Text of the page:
The Story

The Government of Liberia signed away the Clan’s land to a British palm oil company Equatorial Palm Oil (EPO) without their consent. Communities all over Liberia are facing the same threat as their land is grabbed by agribusiness, mining and logging companies through leases known as concession agreements for as long as 65 years.

The communities’ resistance began in 2012 when EPO began to expand their plantation onto their land. The planned expansion would engulf the communities’ land amounting to over 20,000 hectares. As a palm oil plantation involves such large land areas it invariably takes place on land already used by communities and prevents fertile land from being used for food production.

The Clan organised and came together to resist their land being grabbed. Men, women and youth were involved in the struggle to protect the Clan’s land and remained united despite the divide and rule tactics of the company.

As a result of their resistance the community faced intimidation and harassment by EPO security forces and the police. People were also assaulted during a peaceful march and 17 people suffered arbitrary arrest. Conflict between palm oil and rubber plantation companies and communities has been common.

Despite these aggressive tactics the community continued resisting. They lodged a complaint to the Roundtable on Sustainable Palm Oil (RSPO) and presented a petition to the government stating their objections.

However the community refused to be weakened by division and eventually secured a crucial meeting with the Liberian President Ellen Johnson Sirleaf where she committed to supporting the Clan protect their land from being grabbed. This is a landmark victory for communities in a country where over 50% of the land has been given to companies without the involvement of the communities that live on and customarily own the land.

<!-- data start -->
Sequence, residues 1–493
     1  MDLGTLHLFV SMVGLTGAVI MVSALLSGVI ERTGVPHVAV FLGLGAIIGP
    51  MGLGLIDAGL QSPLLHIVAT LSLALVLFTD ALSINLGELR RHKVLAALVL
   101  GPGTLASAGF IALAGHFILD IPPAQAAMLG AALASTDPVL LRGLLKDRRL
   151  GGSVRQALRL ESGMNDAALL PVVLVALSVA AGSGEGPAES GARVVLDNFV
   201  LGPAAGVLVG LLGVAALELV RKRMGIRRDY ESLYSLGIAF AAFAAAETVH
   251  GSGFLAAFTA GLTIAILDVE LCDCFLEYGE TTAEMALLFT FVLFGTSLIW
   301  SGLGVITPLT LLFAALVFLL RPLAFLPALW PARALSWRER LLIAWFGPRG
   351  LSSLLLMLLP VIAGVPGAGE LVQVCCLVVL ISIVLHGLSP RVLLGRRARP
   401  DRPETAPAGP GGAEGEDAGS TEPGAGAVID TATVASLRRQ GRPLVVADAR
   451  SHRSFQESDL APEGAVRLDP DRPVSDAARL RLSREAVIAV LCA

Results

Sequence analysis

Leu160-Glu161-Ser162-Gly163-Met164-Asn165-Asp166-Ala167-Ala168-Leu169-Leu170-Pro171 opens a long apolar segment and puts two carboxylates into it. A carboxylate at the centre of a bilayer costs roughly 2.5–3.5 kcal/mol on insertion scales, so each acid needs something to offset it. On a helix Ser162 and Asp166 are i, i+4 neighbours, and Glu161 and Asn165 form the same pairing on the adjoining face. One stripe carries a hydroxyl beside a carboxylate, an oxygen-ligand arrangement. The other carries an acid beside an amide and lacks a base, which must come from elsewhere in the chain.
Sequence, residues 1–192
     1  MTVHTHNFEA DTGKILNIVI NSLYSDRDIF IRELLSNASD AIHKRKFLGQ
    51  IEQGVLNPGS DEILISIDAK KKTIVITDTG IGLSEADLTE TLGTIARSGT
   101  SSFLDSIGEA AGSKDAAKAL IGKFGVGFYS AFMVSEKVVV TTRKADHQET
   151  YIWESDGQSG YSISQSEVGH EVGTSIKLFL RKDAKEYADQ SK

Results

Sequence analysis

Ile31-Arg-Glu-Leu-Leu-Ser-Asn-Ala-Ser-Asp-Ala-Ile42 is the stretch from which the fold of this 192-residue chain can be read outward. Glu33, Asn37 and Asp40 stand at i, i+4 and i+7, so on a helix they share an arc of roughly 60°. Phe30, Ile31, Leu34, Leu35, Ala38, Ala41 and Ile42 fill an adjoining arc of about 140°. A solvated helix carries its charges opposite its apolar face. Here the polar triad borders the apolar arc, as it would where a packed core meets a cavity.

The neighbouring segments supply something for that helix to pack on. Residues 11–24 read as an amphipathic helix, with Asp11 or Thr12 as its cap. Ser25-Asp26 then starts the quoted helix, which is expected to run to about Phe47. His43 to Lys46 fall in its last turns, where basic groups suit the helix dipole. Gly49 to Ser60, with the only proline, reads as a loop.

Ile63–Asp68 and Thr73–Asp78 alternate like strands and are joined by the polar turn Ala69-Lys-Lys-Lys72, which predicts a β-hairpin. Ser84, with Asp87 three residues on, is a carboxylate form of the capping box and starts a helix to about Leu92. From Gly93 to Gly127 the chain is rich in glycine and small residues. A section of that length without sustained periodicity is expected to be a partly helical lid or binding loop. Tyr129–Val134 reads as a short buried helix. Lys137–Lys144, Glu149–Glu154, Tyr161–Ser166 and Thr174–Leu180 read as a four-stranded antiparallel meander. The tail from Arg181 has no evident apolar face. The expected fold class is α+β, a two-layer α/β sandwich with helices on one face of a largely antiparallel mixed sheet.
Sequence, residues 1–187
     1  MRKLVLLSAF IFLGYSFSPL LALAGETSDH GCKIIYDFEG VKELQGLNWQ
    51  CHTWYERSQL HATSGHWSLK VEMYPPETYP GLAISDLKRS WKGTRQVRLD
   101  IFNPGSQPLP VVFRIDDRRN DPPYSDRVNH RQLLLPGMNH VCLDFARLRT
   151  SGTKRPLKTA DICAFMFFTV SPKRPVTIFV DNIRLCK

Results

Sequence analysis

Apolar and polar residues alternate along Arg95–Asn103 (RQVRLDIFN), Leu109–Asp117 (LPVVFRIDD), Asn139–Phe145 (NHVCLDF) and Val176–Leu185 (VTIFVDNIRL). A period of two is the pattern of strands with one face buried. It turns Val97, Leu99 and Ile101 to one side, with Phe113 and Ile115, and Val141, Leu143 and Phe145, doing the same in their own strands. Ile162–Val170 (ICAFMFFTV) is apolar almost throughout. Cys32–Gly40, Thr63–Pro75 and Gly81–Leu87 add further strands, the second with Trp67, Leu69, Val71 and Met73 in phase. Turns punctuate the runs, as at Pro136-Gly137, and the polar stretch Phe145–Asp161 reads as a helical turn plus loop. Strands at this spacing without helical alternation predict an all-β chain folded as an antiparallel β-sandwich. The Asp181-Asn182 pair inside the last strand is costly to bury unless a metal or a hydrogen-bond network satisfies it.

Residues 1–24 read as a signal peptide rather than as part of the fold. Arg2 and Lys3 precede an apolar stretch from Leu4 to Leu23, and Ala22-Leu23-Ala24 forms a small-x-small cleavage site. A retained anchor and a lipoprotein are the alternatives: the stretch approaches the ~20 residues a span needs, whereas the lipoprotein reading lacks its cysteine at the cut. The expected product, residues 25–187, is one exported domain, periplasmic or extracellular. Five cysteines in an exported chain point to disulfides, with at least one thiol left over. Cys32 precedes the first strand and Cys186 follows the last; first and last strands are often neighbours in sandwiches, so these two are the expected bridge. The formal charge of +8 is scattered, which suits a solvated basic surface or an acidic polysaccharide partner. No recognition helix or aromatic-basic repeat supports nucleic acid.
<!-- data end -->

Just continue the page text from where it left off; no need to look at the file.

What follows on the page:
“The struggle has made us stronger than ever before and we’ve learned a lesson to stay united” said Anthony Johnson, “The success is so great as it secures my future and the future of my children to come. I will stay on this land and plant crops for my children so future generations can live off the land”

With their land secure the community is thinking about the future; “We want the government to support us to be self-sufficient on our land instead of giving it to a company who will just take the money and go home. Instead we can keep the money in Liberia and we can live better lives” said Garmondeh Benwon (R).

Every year, an area five times the land mass of Liberia is grabbed from communities around the world. The Jogbahn Clan show that stopping it is possible when communities stand together, mobilise and resist.

“I am very happy my land is free” said Deyeatee Kardor, Clan Chairlady, “Because when our land is free, we’re all free”.

All images Jason Taylor for Friends of the Earth 2014. CC creative commons license.